This week I am testing this newly discovered Vegetable. Never heard of it until I saw it "on sale" in a local grocery flyer and decided to look it up. I wont have the room to grow it, but will definitely taste it. Here is what I've found out about it.
Will post more about it, after a dinner that includes Jicama :)


Jicama looks similar to a turnip or a large radish, and it can be used as an alternative to the water chestnut. Its skin is thin and can be gray, tan, or brown in color. Additionally, it has a short root and contains white flesh. The skin is typically peeled before eating it raw. Raw jicama tastes similar to a pear or apple. It also does not discolor when exposed to the open air for awhile. Because of this, raw jicama is often used as an accompaniment to raw vegetable platters. When jicama is used in cooking it tends to take on the flavors of the ingredients that it is being combined with. Therefore, jicama is a nice complement to various stir-fry dishes because it blends well with many vegetables and seasonings.

Jicama is a very versatile vegetable that contains a high amount of vitamin C, is low in sodium, and has no fat. One adult serving of jicama, which is equal to approximately 1 cup of cubed jicama or 120 grams, also contains only 45 calories.

Serving Size (60g)
Amounts Per Serving % Daily Value *
Calories 25
Calories from Fat 0
Total Fat 0g 0%
Sodium 0mg 0%
Cholesterol 0mg 0%
Total Carbohydrate 5g 2%
Dietary Fiber 3g 12%
Sugars 1g
Protein 0g
Vitamin A 0%
Vitamin C 20%
Calcium 0%
Iron 2%

*Percent Daily Values are based on a 2,000 calorie diet

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Saturday

More Adenium

This is a picture I took this morning! It actually turned out alright! Wohoo! My Husband usually takes the "amazing" shots :)
Like that single bloom image.

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Dioscorea bulbifera - The Awesome invasive Pest

Synonym(s): air potato, bitter yam, air-potato, air yam

Air potato is an herbaceous, twining vine that can grow to lengths exceeding 60 feet. It invades open areas in the sub-tropical southeastern United States. The leaves are alternate, long (8-12 inches), wide and heart-shaped with prominent veins that resemble greenbrier leaves. The rounded stems are thin and wiry. The chief means of reproduction are aerial potato-like tubers (bulbils)
located at the leaf axils. The vine rarely flowers. Air potato can form dense masses of vines that cover and kill native vegetation including trees within a variety of habitats such as forest edges, hammocks, and many disturbed areas. It was introduced from Africa for food and medicinal purposes in the early 1900s. Air potato is a common and widespread food crop throughout most tropical regions of the world.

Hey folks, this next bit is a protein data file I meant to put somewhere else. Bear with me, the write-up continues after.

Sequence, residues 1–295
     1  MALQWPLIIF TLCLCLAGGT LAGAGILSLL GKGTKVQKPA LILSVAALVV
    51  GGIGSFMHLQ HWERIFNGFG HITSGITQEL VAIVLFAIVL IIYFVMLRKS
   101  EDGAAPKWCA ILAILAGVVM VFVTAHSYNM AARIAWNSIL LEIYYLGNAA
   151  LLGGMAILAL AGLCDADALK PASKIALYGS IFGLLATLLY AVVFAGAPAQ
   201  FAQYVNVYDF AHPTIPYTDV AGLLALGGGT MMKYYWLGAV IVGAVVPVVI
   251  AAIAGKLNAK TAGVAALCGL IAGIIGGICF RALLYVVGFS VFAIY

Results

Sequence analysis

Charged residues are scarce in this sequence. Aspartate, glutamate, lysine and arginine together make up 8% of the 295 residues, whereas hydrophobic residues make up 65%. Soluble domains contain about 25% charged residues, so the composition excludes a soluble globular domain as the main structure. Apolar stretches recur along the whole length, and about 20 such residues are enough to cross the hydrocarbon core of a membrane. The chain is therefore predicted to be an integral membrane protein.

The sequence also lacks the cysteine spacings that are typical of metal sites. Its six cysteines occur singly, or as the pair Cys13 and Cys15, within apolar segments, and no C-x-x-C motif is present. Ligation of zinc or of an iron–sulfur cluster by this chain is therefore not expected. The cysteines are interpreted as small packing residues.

Note: This plants is highly invasive, but with the responsible proper care and maintenance a showy garden specimen as you can see from my backyard pictures.

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Friday

Ixia Viridiflora

Family: Iridaceae (Iris Family)

Common Names: Green Ixia, Groenkalossie, Green Flowered Corn Lily

I stumbled across this beauty on the web. African flower, rare and endangered. - searching for a seed supplier :)

Ixias have been cultivated in Europe since the mid 1700's. Getting material of the true species is difficult and growing them is more challenging. Ixia viridiflora although quick to flower from seed, is not the easiest of the ixias to grow, as it is quick to rot in poorly drained soil. The basic requirements for growing this ixia are: sandy soil with good drainage, a sunny location, and a completely dry, dormant period in summer.
Ixia viridiflora makes an excellent pot plant but is not well suited to a permanent position in the garden, even in winter rainfall areas. They are susceptible to fungal diseases, are eaten by mole rats and porcupines, and need a completely dry summer. To deal with this problem, one can plunge pots of Ixia viridiflora into the garden during the growing and/or flowering period and remove them during the summer dormant period.